Daily Archives: April 16, 2010

Greg Mankiw points to an interesting, if slightly dyspeptic, essay on the puzzle of academic bias to the left. Thomas Reeves says it is mostly due to envy, aggravated by (relative) financial distress.Times are hard for scholars.

Serious economic problems face the glowing, self-confident scholar with little money. How, for example, is he able to find adequate housing? Even US$300,000, well beyond the reach of most young and many senior professors, won’t buy much in Boston, New York, Los Angeles, New Orleans, Atlanta or Chicago, not to mention Madison, Sarasota, Ann Arbor, Palo Alto or Santa Barbara. The affluent suburbs, where the successful in other fields gather, are out of the question, of course. And so many of us move into older, deteriorating, often dangerous areas, telling all who listen that we made the choice deliberately and that we, being humanists, have a natural desire to live among the poor and oppressed. In my experience, some English and anthropology professors actually believe this nonsense, and enjoy dressing as factory workers and displaying furniture obviously purchased at a rummage sale.

In this talk from 1998, Robert Nozick put it down to a subtly different cause: a sense of frustrated entitlement. Intellectuals are trained to believe that the market has overthrown the proper allocation of reward according to merit. Note the difference: envy is wrong; insisting on reward by merit (however Utopian) is right.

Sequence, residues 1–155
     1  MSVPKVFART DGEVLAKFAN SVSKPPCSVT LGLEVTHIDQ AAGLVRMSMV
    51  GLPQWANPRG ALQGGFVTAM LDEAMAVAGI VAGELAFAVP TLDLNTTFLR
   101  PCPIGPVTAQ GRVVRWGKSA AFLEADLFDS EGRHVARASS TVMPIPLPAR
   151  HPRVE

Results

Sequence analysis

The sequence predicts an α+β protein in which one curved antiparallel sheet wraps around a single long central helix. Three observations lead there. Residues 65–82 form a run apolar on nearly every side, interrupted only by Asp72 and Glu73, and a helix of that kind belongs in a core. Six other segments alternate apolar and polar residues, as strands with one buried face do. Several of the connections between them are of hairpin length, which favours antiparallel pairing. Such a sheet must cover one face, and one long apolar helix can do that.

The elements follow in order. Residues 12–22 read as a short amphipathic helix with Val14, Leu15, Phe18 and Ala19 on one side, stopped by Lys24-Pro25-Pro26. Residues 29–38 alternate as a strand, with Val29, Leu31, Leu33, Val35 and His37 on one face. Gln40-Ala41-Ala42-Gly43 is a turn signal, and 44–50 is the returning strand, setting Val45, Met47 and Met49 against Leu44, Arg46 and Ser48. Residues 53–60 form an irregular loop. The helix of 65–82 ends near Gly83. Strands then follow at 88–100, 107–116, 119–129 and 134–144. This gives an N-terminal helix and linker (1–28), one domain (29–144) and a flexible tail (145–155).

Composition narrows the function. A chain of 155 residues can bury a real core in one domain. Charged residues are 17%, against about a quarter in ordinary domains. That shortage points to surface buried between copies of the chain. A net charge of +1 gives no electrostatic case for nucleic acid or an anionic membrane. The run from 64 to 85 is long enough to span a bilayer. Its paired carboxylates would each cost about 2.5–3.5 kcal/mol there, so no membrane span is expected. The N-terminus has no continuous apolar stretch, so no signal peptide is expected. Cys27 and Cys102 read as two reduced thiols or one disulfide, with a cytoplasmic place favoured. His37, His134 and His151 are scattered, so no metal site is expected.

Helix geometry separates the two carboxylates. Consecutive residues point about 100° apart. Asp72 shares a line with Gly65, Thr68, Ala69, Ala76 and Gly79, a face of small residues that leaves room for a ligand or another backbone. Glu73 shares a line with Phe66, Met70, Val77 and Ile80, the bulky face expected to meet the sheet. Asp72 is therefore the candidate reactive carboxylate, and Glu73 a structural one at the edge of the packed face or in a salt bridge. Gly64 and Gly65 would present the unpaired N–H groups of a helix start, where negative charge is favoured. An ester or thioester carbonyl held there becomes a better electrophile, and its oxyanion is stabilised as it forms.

The intellectual wants the whole society to be a school writ large, to be like the environment where he did so well and was so well appreciated. By incorporating standards of reward that are different from the wider society, the schools guarantee that some will experience downward mobility later. Those at the top of the school’s hierarchy will feel entitled to a top position, not only in that micro-society but in the wider one, a society whose system they will resent when it fails to treat them according to their self-prescribed wants and entitlements. The school system thereby produces anti-capitalist feeling among intellectuals.

Of course, the two causes are not mutually exclusive.

Obama is no socialist. Norman Ornstein, Washington Post. A splendid attack on the administration’s overheated critics. (The AEI, where Ornstein works, is supposed to frown on this sort of thing. I hope Norm’s job is safe.)

Three Supreme Court myths. Stuart Taylor, National Journal.

First, it simply won’t make much difference in the next five or so years — if ever — whom Obama picks from the lists of moderately liberal, extremely liberal, and just plain liberal candidates leaked by the White House…

The essential task of stabilising fiscal policy. Ben Bernanke, testimony to the Joint Economic Committee.

Clive Crook’s blog

This blog is no longer updated but it remains open as an archive.

I have been the FT's Washington columnist since April 2007. I moved from Britain to the US in 2005 to write for the Atlantic Monthly and the National Journal after 20 years working at the Economist, most recently as deputy editor. I write mainly about the intersection of politics and economics.

Clive Crook’s blog: A guide

Comment: To comment, please register with FT.com. Register for free here. Please also read the FT's comments policy here.
Time: UK time is shown on Clive's posts.
Follow the blog: Links to the Twitter and RSS feeds are at the top of the blog.
Schedule: Clive's column appears in the FT on Mondays and you can read an excerpt of it on this blog.
FT blogs: See the full range of the FT's blogs here.

Archive

« Mar May »April 2010
M T W T F S S
 1234
567891011
12131415161718
19202122232425
2627282930